The vast arena of mental health had a significant impact when the ranch of contemporary positive psychology came into existence in the year of 1998. This branch opened new avenues to amalgamate the components of health and wellness with illness. It advances the branch of psychology into a holistic whole through its approach. Moreover, the schools of humanistic, existential, cognitive and behavioural psychology have always commanded prevalent mental health interventions. Some of these interventions can act not only as a cure but also as a means to prevent mental illnesses. Awareness and significance of these interventions, if well established; can serve to have practical utility in the everyday lives of people. Therefore, psychological intervention particularism is a pre-requisite against the pandemic.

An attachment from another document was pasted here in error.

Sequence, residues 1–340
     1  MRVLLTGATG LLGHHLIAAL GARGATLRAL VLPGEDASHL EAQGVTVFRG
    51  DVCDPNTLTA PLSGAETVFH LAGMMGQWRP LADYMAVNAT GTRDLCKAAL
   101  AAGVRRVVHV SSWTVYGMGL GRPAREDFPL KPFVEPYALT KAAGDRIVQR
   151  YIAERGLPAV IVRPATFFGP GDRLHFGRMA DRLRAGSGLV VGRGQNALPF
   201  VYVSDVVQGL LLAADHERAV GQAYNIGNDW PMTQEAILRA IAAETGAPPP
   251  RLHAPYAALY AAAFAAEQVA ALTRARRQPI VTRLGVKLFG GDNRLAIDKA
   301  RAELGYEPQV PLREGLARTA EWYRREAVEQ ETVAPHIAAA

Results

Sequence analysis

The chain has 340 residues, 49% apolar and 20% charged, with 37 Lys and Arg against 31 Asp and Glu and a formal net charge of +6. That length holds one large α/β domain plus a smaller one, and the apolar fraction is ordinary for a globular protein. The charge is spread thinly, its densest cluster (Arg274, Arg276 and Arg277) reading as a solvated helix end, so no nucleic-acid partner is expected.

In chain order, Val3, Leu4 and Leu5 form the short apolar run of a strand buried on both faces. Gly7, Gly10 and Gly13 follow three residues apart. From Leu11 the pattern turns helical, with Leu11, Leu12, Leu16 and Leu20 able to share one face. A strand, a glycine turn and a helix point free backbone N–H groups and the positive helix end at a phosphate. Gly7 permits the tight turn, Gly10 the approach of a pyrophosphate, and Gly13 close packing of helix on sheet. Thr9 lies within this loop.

The human brain has the tendency to be inclined more towards negativity. It was found that this ‘negative bias’ is due to the increased sensitivity of the brain towards unpleasant stimuli (Hara, 2003). Study has found that there is a prevalence of negative bias in patients diagnosed with major depression (Raes et al.,2006). Moreover, patients with social anxiety disorder were found to have a negative interpretation bias in mostly social situations (Huppert et al.,2003). Gratitude is a deep sense of appreciation for everything positive that makes the individual who he is. It is not limited to thanking another individual but also has an emotional and spiritual basis to it. Faith is what gives hope and hope is what makes humans want to live. Individuals who have the faith in religion have already been familiar with the concept of gratitude. Every religion has taken gratitude to be a primary aspect for increasing self-satisfaction and unbiased devotion. It was further only through contemporary positive psychology that the scientific basis of gratitude was established (Emmons et al.,2002). It has therefore expanded its base from the transcendental realm to empiricism. Gratitude provides individuals with the ability to look at the brighter side. It serves to act as a compensation for the negative bias that humans have embedded in them. It is the ability of the individuals to make positive interpretations in otherwise stressful scenarios. Research suggests that gratitude indeed leads to well-being in an individual (Philip et al., 2005).